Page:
A Chronicle Of Phony Tech Gadgets

Engadget, the technology web site, has a regular feature called Keepin' It Real Fake, charting the world's most notable tech rip-offs. NPR's Rachel Martin talks with Engadget editor Michael Gorman.

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RACHEL MARTIN, HOST:

If you ever find yourself longing for an iPhone with a telescopic antenna, which serves no apparent purpose, and if you don't mind buying a totally fake phone, then we have a website for you. You can find out all about the world's best fakes at Engadget.com. The tech magazine prints a regular feature online called Keepin' It Real Fake, or K-I-R-F, KIRF. Joining us now to go through a few of his favorites is Engadget's senior editor Michael Gorman. Welcome to the program.

MICHAEL GORMAN: Thanks for having me.

MARTIN: OK. Let's start off with the telescoping antenna phone. Why? Why, Michael?

(LAUGHTER)

GORMAN: So, it's something that kind of U.S. people and maybe even Europeans might not be so familiar with. But particularly in Japan and Korea, there are phones that actually allow you to pull down TV directly with an antenna. So, I assume that's what this was. Why you needed to put it on a fake iPhone 4 is an entirely separate question that certainly kind of screws up all that beautiful design that Apple spends so much time and effort, you know, perfecting.

MARTIN: Do you know who made it or where it was made?

GORMAN: I do not know. A lot of times it's very difficult to kind of track down these companies that make KIRFs, as we call them, really just kind of cloned phones for, I guess, somewhat obvious reasons. Basically, you know, if you're making fake phones, you don't want Apple to come after you. So, a lot of these companies tend to be in China for most - Shenzhen region. It's many major companies that actually make the real deal are manufactured in there. So, it's kind of logical that a lot of these clones come out 'cause people have easy access to parts. You know, you get one guy who manages to sneak a piece out of a factory somewhere or something and all of the sudden it's very easy to clone it and just make it somewhere else, you know?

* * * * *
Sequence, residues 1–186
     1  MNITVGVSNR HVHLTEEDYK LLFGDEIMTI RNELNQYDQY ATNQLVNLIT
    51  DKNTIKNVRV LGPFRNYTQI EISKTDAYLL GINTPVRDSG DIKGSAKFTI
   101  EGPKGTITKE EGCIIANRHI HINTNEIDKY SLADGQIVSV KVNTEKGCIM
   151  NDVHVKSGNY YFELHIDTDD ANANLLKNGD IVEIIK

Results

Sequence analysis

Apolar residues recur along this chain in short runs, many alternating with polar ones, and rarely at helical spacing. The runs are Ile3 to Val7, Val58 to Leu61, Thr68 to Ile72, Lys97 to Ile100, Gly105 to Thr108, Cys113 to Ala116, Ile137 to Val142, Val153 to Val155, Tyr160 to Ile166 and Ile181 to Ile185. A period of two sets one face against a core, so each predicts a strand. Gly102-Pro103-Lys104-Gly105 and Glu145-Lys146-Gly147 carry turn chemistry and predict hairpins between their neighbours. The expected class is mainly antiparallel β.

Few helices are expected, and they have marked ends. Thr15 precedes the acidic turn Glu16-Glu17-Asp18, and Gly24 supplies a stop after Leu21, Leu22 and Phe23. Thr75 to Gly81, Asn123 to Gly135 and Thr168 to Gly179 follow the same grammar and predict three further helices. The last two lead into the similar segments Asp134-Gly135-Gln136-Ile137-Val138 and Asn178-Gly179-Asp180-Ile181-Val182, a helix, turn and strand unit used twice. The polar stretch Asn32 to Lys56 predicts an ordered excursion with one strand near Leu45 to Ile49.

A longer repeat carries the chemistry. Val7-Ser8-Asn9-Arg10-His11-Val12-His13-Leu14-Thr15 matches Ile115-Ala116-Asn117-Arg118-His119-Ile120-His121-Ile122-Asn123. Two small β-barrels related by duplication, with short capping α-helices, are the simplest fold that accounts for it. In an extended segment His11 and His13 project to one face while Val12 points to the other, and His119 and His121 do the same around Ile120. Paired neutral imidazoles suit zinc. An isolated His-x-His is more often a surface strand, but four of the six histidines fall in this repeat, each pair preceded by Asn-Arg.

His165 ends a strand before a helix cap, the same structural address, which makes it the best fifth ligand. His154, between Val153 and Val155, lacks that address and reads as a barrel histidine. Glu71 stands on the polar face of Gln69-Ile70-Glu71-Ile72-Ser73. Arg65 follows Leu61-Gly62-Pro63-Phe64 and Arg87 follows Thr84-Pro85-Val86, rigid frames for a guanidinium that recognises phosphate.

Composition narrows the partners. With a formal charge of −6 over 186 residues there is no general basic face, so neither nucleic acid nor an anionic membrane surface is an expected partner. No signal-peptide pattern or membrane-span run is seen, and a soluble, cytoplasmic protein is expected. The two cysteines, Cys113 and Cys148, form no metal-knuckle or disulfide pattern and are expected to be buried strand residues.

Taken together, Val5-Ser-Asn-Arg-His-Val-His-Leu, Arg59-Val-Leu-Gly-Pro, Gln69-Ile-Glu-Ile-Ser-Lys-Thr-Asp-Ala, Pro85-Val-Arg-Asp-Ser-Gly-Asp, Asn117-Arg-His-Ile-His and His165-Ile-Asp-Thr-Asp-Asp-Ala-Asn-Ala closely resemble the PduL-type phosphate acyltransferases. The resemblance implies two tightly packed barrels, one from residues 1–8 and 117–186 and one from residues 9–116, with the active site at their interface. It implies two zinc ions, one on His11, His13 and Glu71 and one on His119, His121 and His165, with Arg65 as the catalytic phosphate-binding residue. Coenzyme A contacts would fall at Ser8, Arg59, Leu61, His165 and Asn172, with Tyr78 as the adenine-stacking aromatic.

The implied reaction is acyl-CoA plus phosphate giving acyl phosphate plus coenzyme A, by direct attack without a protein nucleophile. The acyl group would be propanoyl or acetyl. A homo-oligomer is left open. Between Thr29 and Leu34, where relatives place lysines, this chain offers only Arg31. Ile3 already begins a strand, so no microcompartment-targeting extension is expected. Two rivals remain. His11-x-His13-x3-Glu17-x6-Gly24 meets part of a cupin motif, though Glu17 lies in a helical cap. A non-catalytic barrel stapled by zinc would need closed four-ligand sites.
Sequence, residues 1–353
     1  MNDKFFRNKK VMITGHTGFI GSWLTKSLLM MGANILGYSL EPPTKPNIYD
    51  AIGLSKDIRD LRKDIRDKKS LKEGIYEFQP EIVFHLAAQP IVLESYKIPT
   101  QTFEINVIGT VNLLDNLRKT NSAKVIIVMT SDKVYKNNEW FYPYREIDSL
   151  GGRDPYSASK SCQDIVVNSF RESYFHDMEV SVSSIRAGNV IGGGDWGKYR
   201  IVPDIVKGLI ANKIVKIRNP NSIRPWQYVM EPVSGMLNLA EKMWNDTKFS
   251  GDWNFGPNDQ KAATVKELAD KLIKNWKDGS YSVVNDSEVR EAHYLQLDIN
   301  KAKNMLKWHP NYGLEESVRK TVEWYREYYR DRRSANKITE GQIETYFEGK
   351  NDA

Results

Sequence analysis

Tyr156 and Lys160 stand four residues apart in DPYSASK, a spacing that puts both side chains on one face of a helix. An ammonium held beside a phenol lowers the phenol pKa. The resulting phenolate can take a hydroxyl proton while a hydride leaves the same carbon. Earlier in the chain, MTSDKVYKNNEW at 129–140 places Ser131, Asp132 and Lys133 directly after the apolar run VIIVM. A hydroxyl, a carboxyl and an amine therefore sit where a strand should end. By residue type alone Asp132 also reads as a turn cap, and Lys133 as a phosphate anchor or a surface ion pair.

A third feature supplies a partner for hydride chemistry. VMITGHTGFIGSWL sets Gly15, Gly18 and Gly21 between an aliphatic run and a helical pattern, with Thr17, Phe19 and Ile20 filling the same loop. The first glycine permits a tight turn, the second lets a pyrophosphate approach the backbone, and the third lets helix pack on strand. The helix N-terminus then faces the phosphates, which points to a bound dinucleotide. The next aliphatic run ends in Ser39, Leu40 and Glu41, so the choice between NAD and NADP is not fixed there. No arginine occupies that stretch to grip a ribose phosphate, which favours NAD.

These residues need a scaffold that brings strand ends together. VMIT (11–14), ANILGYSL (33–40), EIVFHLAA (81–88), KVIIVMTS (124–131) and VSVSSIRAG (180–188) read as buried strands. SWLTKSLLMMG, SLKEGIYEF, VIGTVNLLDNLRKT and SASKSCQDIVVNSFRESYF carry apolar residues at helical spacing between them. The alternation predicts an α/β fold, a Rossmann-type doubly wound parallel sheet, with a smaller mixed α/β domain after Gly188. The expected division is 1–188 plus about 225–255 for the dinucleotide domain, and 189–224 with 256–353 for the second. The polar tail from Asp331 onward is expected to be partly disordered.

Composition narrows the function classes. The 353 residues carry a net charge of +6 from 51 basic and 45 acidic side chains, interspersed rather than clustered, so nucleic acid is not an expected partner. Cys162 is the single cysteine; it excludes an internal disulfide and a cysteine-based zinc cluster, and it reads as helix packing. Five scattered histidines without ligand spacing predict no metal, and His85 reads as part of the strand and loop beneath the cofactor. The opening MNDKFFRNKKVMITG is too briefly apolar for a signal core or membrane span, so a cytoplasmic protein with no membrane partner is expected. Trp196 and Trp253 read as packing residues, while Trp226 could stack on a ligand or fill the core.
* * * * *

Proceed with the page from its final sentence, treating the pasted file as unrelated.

MARTIN: OK. Do you have other favorites?

GORMAN: There are so many that are I would call them bizarrely terrible. So, Nokia came out with a phone last year that had a really, really nice camera in it, right. And it's a 40-megapixel camera. And there was some company in Shenzhen that decided they wanted to a make phone that looks like that. Obviously, they didn't have access to kind of the camera technology that Nokia did. So, to look the same, they just stuck an extra-large speaker in the back of the phone. On the real thing, there's this hump in the back to accommodate this bigger, better camera on the real phone. And on the fake one, they just decided, well, I guess slotting in a speaker is as good as use for any, which I thought was an interesting choice. I don't think too many people are looking to their phones to be, you know, pumping out serious audio. But that one was one of my favorites.

MARTIN: Michael Gorman is the senior editor for Engadget, walking us through the world of KIRFs. Thanks so much, Michael.

GORMAN: Thanks for having me.

(SOUNDBITE OF MUSIC)

UNIDENTIFIED MAN: (Singing) The green plastic (unintelligible) intact, perfection is rather bland, you say glass...

MARTIN: This is NPR News.

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